Another Heaven Review
George Iida (or Jôji Iida) is known for directing Ring: The Spiral (Rasen), the 1998 alternative sequel to Ringu, which controversially took the Ring series in a direction not everyone was entirely pleased about. You can judge for yourself as Artsmagic have also recently released The Spiral on DVD, alongside Iida’s 2000 horror thriller based on his own novel, Another Heaven.
A sadistic serial-killer is scooping out the contents of her victim’s heads after having sex with them, leaving the brains cooking in the kitchen as stew and pasta dishes – much to the revulsion of the police authorities as they turn up at each grisly crime scene. Inspector Hayase knows there is more to the killings than meets the eye - a supernatural element behind the exceptional strength of the killer’s actions. His fellow officers can’t accept such a theory, but when the killer is eventually caught, the killings continue…
Another Heaven starts off at a tremendous pace, drawing you straight into the story with a mixture of horror and humour and it keeps this pace up pretty well throughout the two and a quarter hours of the film. It also successfully manages to maintain a fair balance of gruesome horror, police detective drama, romance, black humour and science fiction with apparent ease – none of disparate elements getting in the way of effectively maintaining the tension generated by a constantly developing plot. The plot itself however and the delivery of it are nothing exceptional – in fact by Japanese horror standards it’s quite average. The film was quite successful in Japan though and spawned a television series, “Another Heaven Eclipse” with the two lead detectives again played by Yosuke Eguchi and Yoshio Harada.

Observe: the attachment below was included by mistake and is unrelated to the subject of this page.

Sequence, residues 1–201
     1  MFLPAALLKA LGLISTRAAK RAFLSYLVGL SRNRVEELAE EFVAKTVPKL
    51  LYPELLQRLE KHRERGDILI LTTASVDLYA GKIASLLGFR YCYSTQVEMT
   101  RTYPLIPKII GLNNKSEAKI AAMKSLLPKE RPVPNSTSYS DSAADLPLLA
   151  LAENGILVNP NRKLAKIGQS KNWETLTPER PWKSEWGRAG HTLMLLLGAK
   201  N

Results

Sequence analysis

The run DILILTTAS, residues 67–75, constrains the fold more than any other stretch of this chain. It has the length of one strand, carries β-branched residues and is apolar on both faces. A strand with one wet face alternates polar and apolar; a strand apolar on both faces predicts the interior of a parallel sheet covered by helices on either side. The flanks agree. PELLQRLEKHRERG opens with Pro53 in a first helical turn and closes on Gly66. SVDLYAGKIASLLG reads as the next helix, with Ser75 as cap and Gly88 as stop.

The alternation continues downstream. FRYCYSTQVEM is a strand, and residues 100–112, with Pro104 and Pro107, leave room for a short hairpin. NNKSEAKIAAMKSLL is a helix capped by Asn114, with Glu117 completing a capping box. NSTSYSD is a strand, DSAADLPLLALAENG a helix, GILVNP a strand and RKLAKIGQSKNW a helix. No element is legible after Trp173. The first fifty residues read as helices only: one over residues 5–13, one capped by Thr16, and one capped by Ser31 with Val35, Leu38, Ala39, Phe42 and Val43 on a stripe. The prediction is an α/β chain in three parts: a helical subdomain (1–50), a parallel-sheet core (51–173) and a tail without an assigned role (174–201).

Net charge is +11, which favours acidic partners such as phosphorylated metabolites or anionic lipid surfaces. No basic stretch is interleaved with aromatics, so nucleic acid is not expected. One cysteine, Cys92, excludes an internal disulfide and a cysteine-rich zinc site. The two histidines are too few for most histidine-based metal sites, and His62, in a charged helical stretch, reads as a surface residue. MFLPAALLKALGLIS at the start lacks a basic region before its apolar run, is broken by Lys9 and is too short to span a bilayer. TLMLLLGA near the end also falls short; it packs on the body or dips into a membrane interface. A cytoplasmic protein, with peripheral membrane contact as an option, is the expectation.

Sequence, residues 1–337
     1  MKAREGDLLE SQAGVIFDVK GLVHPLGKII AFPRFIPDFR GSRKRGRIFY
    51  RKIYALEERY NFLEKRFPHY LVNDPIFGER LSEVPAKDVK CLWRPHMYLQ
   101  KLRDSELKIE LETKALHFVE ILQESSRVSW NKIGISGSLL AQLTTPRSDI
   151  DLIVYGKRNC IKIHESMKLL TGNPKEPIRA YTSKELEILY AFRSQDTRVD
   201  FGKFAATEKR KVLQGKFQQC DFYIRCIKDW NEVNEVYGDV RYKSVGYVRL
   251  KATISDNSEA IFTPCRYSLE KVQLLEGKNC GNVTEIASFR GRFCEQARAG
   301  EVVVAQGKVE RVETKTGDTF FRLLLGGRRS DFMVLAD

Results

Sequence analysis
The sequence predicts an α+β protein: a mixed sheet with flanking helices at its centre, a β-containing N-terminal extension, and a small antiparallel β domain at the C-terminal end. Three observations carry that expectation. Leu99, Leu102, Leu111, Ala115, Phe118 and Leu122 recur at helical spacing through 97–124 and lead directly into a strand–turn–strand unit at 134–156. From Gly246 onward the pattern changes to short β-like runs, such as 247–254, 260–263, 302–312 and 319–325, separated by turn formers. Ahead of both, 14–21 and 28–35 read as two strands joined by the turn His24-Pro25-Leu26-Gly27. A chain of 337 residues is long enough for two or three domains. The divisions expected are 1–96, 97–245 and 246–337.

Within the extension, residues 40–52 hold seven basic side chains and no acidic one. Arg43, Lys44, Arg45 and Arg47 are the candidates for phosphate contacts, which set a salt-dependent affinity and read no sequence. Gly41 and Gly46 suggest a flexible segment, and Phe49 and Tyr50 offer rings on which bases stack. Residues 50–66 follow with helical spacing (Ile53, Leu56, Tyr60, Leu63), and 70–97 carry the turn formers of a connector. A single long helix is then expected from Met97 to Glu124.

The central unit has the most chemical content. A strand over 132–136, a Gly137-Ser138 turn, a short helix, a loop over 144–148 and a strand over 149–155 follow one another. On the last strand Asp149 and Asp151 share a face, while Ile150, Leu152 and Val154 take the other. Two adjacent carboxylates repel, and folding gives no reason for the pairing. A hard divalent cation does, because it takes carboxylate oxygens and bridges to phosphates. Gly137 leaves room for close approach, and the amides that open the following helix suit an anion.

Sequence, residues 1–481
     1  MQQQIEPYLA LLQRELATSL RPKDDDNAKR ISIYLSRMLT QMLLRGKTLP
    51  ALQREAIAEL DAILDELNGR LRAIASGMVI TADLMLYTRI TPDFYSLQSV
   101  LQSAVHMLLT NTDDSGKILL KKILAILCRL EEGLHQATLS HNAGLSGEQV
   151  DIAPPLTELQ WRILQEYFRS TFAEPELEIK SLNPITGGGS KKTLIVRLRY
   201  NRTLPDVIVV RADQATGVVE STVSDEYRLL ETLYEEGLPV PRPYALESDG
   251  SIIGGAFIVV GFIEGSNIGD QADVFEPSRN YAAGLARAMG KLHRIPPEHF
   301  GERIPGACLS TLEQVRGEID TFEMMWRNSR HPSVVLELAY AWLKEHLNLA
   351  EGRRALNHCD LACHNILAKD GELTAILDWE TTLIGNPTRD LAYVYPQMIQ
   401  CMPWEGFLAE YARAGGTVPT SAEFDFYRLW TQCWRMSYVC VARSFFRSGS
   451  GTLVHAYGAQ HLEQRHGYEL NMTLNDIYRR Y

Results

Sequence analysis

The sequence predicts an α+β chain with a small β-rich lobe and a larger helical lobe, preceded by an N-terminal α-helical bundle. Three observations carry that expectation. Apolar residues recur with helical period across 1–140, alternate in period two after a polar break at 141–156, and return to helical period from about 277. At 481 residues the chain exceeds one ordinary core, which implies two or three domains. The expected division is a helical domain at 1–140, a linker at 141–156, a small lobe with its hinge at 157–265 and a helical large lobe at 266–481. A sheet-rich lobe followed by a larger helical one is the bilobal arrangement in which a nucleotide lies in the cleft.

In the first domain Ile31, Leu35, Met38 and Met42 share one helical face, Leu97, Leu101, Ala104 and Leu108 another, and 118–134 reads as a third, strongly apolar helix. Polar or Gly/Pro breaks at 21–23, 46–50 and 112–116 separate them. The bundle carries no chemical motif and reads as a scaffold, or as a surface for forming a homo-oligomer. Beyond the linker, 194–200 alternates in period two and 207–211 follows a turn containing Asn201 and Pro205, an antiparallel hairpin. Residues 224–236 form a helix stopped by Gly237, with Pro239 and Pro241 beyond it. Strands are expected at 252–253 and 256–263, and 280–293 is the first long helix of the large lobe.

The picture is not great. It’s very soft, too dark and too heavy in contrast. Colours bloom, often making faces appear bright red like a poor VHS transfer (see screen shot below). On the other hand there is no grain and there are very few marks in the actual print, which is clear and steady with little in the way even of artefacts. There is only one moment where there is some very noticeable digital blocking (I don’t think it was an effect), but other than that problems are minimal. The film is presented in anamorphic 1.85:1 on a dual-layer disc and the layer change is one of the strangest I have seen, taking place in the middle of a fast camera pan. Apart from a few scenes where it is slightly too dark to see details clearly, it’s more than adequate. If you are particularly picky about your picture quality though, I can’t say this is technically a good transfer. We are talking Tartan standard here.
A standard Dolby Digital 2.0 soundtrack is provided and is quite adequate. There are no real problems, no background noise or harshness – the sound generally remains clear and effective. Optional English subtitles are provided and are generally fine barring a few minor grammatical errors and a few confusingly constructed sentences. These errors should be corrected in the next pressing of the disc.
There is a good detailed biography for George Iida and extensive filmographies for Eguchi, Ichikawa, Harada and Emoto.
Interview with George Iida (36:03)
The quality on the interview isn’t great. By inserting titles with the questions, the lip-sync is completely knocked out. The interview however is interesting, covering Iida’s background in film; his affection for exploitation B-movies, De Palma and Carpenter; his thoughts on the Ring series of films; his development of Another Heaven; his TV and anime work and his future projects.
Trailers for the Artsmagic Warrior releases of all six Lone Wolf & Cub films are presented.
A showreel of covers for Artsmagic’s Warrior and Eastern Cult Cinema series.
There is nothing much in the story here to lift the Another Heaven above the standard genre thriller. It’s not particularly horrific, it’s not particularly gory, it doesn’t do anything unexpected and there are no shock surprises or last minute twists. It follows the formula pretty well, has its moments and delivers a strong well-paced action thriller film that is unlikely to bore you, but unlikely to impress you either. The DVD quality is less than great, but certainly good enough for this kind of film.